Behind every viral dance trend and radio smash from Doja Cat’s Planet Her, there is a team of talented producers, helping Doja craft the soundscapes of her blockbuster third studio album. Nestled in the credits alongside longtime Doja collaborator Yeti Beats and hit machines like Rogét Chahayed, is Aaron Bow’s name.
Hailing from Knob Noster, Missouri, Aaron Bow has steadily been on the rise since his first major placement (Yung Dred & Gucci Mane’s “Throwin Racks”) in 2012. Inspired by legendary producers such as Lex Luger, Phil Collins, and Pharrell, Aaron has lent his talents to mixtape cuts, platinum-certified singles, and film scores. In 2018, Aaron contributed to “Redemption,” performed by Zacari and Babes Wodumo, on the Grammy-nominated Black Panther soundtrack. The very next year found Aaron scoring his first Hot 100 appearance as a producer; with DJ Khaled’s No. 54-peaking Travis Scott and Post Malone collab “Celebrate” In the past year, Aaron has collaborated with Big Sean (“Don Life” and “Everything That’s Missing”) and Kid Cudi (“Dive”) on their most recent album.
“I just feel like the stuff that I’m doing is different than any typical producer. That’s why, I feel like me and Teddy [Walton] really are the new Timbaland and Pharrell.” Aaron muses to Billboard.
Most recently, Aaron contributed to “Been Like This,” the best song on Planet Her according to Billboard’s ranking of the album. In September, “Been Like This” received its moment in the spotlight, thanks to Doja Cat’s showstopping live rendition of the song at last month’s MTV Video Music Awards.
In an interview with Billboard, Aaron Bow recalls the making of “Been Like This,” ruminates on his goals with music, and reveals new information about his upcoming collaborations and projects.
After you got the call to work on “Been Like This,” and before you got in the studio, what was your thought process like? What was your vision for the track?
“Been Like This” came about from my friend, Jerry — his [producer] name is Tizhimself. He told me about this idea he had for Doja back in January. He sent it to me, and I just started like going in on the drums, just adding stuff. Then, I sent it back to him, and him and Yeti [Beats] turned it into what it is now.
I just know that I wanted it to feel very cinematic, and that’s something that I always try to do with the things that I produce; from Kid Cudi’s “Dive” to working on the Black Panther album. I actually did the Black Panther stuff before I even signed the deal.
What was it like working with stars as big as Kendrick Lamar without a deal?
Me and Teddy [Walton] woke up one morning and we got this call. Teddy was talking to Kendrick, and we had this idea of making this Afrobeat record. So, we got to working on this record. There was another producer on there named Curtis McKenzie, and we went over to his spot and literally made the record in like 30 minutes. Teddy sent it straight to Kendrick and he sent back all flame emojis.
In terms of the production on “Been Like This,” what’s the click at the beginning of the song? It’s like the beginning of a mini-universe inside of the larger Planet Her universe?
It’s like a record, like a tape player — players starting the track, you know? And so that’s what gives it that cinematic feel. I would say that it’s the only one within that style on the album. The album is amazing, but it definitely has its own feel. It was just performed at the VMAs, and that showed how cinematic it was.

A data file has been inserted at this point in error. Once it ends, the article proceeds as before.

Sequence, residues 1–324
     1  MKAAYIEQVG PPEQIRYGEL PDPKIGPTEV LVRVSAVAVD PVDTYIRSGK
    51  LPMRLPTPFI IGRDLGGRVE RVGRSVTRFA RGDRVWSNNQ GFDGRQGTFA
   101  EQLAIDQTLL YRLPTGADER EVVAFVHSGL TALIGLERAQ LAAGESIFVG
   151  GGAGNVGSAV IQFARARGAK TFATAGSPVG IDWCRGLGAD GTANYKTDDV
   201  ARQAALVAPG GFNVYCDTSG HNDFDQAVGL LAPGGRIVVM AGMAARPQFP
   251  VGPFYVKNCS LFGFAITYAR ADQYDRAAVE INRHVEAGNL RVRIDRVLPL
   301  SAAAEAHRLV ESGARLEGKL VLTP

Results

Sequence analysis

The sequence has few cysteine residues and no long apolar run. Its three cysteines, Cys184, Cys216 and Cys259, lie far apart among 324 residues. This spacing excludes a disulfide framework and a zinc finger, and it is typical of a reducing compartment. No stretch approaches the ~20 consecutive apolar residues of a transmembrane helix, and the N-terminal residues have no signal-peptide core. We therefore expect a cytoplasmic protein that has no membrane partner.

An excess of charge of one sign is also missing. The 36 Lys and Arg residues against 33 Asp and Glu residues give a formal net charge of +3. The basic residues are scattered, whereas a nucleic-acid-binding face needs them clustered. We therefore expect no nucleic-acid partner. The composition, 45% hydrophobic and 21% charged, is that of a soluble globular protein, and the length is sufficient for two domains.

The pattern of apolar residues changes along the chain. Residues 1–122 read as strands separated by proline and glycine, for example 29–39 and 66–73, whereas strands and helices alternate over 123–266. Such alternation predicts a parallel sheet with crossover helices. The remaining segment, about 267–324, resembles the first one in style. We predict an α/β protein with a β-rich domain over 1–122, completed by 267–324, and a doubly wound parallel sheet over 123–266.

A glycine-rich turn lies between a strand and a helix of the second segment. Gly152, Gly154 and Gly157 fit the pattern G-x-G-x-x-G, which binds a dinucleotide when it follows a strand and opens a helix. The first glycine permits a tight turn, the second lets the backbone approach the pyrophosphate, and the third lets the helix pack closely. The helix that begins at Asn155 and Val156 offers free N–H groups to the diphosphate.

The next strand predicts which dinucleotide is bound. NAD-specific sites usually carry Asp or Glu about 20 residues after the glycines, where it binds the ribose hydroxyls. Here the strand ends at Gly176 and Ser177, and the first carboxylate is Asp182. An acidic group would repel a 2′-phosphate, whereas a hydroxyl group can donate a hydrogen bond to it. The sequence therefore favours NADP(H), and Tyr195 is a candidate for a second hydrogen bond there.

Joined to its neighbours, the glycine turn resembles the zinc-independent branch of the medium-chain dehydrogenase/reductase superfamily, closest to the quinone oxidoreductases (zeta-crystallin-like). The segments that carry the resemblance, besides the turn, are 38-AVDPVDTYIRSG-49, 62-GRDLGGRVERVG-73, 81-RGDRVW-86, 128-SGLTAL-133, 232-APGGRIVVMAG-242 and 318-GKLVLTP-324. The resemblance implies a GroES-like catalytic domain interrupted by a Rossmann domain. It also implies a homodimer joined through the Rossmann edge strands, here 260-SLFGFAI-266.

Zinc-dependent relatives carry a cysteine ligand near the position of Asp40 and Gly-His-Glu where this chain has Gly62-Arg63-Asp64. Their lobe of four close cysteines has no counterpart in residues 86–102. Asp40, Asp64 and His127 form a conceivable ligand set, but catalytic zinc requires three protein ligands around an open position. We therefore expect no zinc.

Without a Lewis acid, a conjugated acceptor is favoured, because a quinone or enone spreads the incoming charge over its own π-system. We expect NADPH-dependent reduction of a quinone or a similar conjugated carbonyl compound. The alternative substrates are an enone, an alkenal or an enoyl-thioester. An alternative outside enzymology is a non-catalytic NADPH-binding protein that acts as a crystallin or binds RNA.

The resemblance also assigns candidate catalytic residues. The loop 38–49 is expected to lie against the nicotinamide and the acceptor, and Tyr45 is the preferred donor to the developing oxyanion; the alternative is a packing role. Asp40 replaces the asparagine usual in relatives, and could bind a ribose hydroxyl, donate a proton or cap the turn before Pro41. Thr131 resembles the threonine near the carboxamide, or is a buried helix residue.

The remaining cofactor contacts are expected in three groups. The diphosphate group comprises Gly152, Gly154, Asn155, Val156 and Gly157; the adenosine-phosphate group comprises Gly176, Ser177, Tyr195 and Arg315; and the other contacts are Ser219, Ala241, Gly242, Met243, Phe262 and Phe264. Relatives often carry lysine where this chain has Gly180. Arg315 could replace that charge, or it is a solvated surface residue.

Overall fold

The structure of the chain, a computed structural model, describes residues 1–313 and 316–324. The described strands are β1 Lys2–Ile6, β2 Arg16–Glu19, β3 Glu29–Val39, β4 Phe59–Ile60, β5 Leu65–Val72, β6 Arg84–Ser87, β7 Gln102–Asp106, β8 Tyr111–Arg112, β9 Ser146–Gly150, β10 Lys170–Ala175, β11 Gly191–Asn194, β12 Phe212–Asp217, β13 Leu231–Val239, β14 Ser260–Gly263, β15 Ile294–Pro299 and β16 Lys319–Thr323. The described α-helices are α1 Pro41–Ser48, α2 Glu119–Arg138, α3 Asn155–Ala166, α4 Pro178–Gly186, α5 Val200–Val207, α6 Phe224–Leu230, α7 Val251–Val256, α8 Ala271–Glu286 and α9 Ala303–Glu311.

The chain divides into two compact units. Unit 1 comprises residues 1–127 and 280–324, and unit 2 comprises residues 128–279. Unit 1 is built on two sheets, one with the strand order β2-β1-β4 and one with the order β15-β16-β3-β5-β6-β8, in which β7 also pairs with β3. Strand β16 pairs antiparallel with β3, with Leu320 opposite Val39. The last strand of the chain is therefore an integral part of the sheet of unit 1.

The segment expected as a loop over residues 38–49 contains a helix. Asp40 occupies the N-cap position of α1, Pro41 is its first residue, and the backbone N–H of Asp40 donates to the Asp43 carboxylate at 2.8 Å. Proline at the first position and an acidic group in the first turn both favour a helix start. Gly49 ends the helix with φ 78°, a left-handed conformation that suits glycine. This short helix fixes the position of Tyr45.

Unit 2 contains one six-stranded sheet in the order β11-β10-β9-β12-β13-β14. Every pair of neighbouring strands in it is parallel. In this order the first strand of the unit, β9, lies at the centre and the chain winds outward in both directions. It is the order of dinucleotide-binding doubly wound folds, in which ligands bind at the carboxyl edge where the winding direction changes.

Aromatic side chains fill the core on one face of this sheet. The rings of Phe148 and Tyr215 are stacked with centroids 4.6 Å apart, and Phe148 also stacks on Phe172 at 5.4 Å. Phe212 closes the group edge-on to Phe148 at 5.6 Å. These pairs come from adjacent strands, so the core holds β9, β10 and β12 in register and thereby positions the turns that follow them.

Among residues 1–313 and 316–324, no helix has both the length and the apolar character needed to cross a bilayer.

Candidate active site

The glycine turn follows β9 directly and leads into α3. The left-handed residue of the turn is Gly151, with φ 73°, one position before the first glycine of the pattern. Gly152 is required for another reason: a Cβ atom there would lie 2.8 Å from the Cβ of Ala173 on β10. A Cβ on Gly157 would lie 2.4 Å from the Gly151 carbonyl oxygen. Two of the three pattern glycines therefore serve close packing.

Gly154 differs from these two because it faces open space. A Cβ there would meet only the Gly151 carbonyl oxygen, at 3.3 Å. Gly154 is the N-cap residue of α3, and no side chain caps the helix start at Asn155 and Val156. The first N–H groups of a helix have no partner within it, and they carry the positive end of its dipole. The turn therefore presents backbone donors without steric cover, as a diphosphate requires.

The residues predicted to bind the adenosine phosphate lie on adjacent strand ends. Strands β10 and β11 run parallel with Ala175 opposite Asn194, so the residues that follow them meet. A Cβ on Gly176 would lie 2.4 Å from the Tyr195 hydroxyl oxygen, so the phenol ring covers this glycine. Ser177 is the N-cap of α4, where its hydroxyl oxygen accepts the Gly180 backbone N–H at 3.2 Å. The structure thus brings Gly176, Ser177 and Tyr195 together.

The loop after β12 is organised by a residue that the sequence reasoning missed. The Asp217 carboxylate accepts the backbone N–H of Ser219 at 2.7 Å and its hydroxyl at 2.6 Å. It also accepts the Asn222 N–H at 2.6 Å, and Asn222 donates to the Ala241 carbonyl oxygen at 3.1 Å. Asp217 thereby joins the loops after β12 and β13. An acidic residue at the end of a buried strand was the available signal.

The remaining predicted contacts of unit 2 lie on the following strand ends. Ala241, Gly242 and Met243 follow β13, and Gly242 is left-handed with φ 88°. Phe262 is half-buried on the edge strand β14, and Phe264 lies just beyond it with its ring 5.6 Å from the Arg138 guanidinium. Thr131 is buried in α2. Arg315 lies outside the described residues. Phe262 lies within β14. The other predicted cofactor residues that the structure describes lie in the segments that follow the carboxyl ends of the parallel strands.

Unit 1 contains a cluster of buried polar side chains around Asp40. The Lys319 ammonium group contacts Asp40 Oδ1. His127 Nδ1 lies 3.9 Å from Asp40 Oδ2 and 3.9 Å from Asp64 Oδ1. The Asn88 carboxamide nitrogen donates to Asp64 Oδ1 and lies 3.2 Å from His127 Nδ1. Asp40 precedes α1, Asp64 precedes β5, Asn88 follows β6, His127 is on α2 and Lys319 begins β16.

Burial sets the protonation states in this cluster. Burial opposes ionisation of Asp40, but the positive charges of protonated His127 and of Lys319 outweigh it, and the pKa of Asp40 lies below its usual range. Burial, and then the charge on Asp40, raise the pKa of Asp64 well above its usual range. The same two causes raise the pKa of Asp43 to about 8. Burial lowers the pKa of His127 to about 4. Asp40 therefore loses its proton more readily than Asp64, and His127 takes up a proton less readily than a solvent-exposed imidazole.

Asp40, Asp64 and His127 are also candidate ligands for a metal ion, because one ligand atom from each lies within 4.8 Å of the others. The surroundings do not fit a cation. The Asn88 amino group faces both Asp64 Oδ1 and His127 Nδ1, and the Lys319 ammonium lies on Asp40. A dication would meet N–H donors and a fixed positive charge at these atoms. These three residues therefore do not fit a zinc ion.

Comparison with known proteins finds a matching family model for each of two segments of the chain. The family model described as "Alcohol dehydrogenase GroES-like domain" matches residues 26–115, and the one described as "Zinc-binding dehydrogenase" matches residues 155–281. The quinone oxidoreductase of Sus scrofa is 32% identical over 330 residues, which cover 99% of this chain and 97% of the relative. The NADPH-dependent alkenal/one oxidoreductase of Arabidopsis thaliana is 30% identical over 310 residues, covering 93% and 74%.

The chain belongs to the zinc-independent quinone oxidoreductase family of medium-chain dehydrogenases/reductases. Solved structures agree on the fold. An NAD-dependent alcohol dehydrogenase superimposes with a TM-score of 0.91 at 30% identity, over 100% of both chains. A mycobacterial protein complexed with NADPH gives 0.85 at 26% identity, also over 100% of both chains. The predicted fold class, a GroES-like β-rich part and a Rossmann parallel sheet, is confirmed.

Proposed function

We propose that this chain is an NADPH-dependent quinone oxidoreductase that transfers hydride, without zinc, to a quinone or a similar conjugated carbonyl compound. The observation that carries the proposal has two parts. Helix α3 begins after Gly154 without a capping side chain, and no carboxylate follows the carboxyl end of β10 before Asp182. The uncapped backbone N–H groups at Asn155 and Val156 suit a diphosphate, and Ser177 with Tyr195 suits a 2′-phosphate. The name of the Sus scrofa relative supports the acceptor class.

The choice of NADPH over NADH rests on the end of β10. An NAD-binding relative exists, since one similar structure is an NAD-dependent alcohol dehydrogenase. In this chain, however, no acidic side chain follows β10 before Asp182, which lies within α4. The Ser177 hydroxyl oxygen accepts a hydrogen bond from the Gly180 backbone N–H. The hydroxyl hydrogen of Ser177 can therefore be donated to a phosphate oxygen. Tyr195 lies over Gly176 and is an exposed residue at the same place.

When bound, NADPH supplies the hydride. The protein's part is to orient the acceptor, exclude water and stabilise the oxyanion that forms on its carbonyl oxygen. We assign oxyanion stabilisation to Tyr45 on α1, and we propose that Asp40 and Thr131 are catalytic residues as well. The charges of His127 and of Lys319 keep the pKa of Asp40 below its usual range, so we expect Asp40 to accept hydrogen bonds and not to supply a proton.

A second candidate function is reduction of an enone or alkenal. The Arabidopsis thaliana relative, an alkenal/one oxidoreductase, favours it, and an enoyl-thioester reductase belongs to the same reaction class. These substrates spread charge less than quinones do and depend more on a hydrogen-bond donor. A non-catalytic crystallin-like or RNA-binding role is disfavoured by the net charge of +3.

Speaking of the VMAs, the live performance of “Been Like This” featured a much more robust strings arrangement than what’s on the studio track. Whose idea was it to incorporate those orchestral elements?
That was kind of everybody’s idea. As the record progresses, it kinda got to that point where we’re like, “Yeah, we need this.” Tizhimself brought in somebody to do those. That’s how that came about.
What do you think sets “Been Like This” apart from the biggest pop songs out right now?
Every pop song [right now] sounds the same, man. This has a little bit of trap drums, a little bit of experimental sounds to it, a little bit of cinematic sounds. It flows like a movie. Every pop song is like, “Put this here, put this there, put this there, it’s done.” This one is really about the feeling.
Planet Her is being predicted to receive a lot of Grammy love. What do the Grammys mean to you?
It definitely shows how great something can be. But, at the end of the day, man, I want my music to touch the people more than anything. It’s obviously a blessing to be a part of the Grammys. I was a part of Black Panther, which was nominated for Album of the Year. I’m just more about my stuff touching the people.
What’s next for you? Who are you working with?
I’m working on a couple of big things. I can’t really talk too much about it. One thing I can talk about is this amazing album that me and Teddy have been working on for the past four years. It’s called Don’t Panic. I feel like it’s going to change the way people look at music, and people who are a part of this are so different. You would never think that it would work together.
Can I get a couple of names?
I can tell you a couple of people on it. I really haven’t told anybody about this. It’s been like a super-secret underground thing. A few people on there are Bon Iver and Project Pat. As you can tell, those two people… you would not think that that would work well together, but this album is so different. It’s literally like a roller coaster, man. Actually, I could mention one more person. 6LACK’s on there, you know. The diversity of the people on this project is so amazing and different.
I’ve never told anybody about this. So you’re the first person, man. I feel like good music is coming back, and this is going to be one of the albums that helps do that.